In intelligence operations, time matters. While our Dispatch articles traditionally focus on watches, today we look at another tool to measure time, the time pencil. It’s a short time fuze detonator used for explosive charges in covert operations in World War II. We have profiled watches of the Glorious Amateurs of the Office of Strategic Service (OSS) officers in World War II, this is another time measuring tool they used to accomplish their mission.
By JR Seeger
The allied support to resistance operations in Occupied Europe focused on sabotage operations before D-Day and then more aggressive combat operations after the fact. The challenge for sabotage operations was to conduct said operation but live to fight another day. Some of the most effective sabotage operations took place inside factories where enslaved workers would periodically insure whatever came off the assembly line was not quite to specifications. Still, the most dramatic of the resistance operations before D-Day focused on using explosives against roads, bridges, and railways.
In 1939, with the Nazi blitzkrieg closing in on Warsaw, Polish military intelligence officers provided the small British contingent with intelligence and technology to be taken to England. Officers from the Secret Intelligence Service and the military intelligence contingent, including Lieutenant Colonel Colin Gubbins, returned to England with a treasure trove of intelligence including prototypes of a chemical time delay fuze. The prototypes were shared between SIS Section D (D for destruction) and Gubbins unit military intelligence unit focused on resistance operations. In 1940, these two offices were combined to become a new, independent organization, the Special Operations Executive (SOE).
British Irregular Warfare: When the British SOE started their resistance training in England in 1940, explosives training was one of the primary classes. The SOE training on demolitions in the first years of the war was based entirely on military demolitions techniques including the use of standard military blasting caps and fuzes lighted either by a match or a simple friction plunger system known as a fuze ignitor. Based on this training, a resistance team had to emplace explosives and remain quite close to the actual blast – certainly no more than a few minutes away depending on the length of fuze used. While this technique worked well for combat engineers supported by infantry, it was not designed for a resistance group that wished to conduct sabotage and avoid capture.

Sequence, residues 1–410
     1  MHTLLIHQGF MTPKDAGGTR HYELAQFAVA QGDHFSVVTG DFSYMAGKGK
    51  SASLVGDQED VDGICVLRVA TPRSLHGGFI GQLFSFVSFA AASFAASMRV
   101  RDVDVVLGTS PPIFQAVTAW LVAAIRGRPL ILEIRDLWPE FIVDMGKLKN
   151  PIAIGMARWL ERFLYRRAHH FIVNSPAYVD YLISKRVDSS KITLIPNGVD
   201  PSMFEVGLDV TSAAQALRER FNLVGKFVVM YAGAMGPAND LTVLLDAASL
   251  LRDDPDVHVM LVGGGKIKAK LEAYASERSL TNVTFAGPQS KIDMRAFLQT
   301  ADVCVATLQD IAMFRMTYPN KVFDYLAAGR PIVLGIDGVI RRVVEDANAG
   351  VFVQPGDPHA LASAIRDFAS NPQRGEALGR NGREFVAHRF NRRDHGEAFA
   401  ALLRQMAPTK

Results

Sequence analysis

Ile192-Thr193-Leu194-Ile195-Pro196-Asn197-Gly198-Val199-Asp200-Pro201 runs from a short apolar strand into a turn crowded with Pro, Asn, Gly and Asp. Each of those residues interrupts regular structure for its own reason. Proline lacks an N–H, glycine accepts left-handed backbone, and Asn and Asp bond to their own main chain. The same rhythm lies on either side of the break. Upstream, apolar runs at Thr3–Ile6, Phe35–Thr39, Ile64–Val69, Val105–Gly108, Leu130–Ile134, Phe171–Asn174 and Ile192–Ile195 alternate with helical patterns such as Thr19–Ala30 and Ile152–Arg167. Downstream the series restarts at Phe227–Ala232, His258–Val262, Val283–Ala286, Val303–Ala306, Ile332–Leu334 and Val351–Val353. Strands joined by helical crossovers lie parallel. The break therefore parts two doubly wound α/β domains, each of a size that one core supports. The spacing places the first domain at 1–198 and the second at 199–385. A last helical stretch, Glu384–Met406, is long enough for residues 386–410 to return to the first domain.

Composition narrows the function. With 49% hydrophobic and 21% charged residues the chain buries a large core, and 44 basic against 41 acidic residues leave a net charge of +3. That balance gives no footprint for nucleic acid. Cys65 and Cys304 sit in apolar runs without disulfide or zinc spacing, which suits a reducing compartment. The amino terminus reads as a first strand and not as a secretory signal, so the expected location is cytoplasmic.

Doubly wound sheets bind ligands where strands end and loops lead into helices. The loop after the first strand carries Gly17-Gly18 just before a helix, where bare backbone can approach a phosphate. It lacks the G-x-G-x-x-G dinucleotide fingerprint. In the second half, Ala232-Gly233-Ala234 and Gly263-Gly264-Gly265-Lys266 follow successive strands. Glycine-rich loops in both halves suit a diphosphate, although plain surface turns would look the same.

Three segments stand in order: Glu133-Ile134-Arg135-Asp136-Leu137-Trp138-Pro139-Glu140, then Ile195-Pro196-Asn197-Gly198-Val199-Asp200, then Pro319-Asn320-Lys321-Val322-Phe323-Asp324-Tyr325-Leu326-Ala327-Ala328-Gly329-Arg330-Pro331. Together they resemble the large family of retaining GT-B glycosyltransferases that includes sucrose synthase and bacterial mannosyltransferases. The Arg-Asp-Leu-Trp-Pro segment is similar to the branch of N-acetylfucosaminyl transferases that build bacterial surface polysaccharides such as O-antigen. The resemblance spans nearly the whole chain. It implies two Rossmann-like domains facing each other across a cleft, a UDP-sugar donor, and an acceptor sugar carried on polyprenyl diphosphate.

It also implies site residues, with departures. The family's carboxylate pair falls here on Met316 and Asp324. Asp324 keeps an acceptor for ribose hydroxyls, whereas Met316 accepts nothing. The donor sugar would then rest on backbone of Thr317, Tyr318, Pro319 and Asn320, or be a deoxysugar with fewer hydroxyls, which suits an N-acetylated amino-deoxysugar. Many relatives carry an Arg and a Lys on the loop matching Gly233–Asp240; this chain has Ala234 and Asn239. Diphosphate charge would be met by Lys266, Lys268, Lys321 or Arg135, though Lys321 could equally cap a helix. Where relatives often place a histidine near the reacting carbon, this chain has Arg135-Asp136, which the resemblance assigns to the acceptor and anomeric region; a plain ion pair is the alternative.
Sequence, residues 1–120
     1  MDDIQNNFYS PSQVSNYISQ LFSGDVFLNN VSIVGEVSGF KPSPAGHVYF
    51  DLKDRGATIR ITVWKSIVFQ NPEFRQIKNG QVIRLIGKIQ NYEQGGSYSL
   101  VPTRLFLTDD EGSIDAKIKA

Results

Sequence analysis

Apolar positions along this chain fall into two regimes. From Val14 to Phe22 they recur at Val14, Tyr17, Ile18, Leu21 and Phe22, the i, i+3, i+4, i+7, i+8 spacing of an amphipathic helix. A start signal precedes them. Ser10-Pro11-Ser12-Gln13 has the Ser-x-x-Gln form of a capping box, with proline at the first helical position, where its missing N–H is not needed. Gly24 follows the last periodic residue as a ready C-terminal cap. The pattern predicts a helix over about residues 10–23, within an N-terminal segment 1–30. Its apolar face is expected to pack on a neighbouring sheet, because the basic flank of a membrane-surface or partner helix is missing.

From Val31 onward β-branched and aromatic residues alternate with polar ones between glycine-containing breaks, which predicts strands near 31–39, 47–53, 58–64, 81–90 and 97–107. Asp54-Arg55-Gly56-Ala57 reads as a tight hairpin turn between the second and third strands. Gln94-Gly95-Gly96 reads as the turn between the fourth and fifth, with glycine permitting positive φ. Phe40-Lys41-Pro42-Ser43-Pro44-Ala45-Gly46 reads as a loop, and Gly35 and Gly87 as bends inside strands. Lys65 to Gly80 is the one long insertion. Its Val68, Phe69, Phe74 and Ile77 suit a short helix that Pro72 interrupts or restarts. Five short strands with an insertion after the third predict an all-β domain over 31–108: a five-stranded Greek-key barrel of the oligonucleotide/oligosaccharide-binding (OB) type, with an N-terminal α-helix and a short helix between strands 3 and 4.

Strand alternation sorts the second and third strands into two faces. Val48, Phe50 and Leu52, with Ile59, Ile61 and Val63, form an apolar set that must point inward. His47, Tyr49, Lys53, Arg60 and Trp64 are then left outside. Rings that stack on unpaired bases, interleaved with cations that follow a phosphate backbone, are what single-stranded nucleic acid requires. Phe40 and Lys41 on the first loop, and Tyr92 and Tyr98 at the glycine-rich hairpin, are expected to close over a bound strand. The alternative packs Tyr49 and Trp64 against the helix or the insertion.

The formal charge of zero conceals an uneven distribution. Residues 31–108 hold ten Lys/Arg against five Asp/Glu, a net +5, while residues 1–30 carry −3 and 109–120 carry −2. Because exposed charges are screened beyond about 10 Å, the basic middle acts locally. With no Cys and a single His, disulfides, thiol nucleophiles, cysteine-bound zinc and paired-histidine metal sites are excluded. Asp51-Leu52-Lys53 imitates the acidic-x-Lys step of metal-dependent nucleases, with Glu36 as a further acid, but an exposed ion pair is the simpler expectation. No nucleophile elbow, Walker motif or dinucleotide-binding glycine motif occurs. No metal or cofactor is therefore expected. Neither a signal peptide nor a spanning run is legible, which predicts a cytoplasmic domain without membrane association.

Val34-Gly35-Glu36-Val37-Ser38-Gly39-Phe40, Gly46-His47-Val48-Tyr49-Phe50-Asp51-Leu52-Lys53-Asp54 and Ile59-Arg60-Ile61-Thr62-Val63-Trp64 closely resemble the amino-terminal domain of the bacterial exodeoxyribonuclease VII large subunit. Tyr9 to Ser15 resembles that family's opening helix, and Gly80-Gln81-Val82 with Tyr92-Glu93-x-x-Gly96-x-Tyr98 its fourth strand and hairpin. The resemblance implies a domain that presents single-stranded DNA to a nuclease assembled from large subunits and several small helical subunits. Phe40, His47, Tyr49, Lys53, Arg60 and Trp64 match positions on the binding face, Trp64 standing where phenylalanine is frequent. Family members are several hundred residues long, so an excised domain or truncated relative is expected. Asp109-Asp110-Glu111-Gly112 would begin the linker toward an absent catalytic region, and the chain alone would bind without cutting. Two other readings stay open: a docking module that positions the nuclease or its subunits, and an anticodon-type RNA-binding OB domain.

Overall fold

British scientists were already working on multiple time delay mechanisms, but their work focused on supporting other British irregular forces like the Commandos and other Small Scale Raiding Forces associated with the SOE. The Polish design was modified to create “time pencils” that used a chemical process as a time delay. Time pencils were used in the commando raid on the dry docks in St. Nazaire in March 1942. However, the reality was that British scientists simply did not have the resources to create a standardized time delay device that could be used by resistance forces across Europe.
British Commandos, 1942 (Wikipedia Commons)
Enter the Americans: After Pearl Harbor, William Donovan expanded the capabilities of his new office, the Coordinator of Information (COI), to include irregular warfare. Donovan provided the President with an irregular warfare plan in the summer/fall of 1941, but the US was still neutral, and President Roosevelt was not about to approve Donovan’s plans for special operations. By mid-December 1941, Roosevelt approved Donovan’s plans and he began to recruit America's counterpart to the SOE. Sabotage and subversion were central to Donovan’s strategic plan.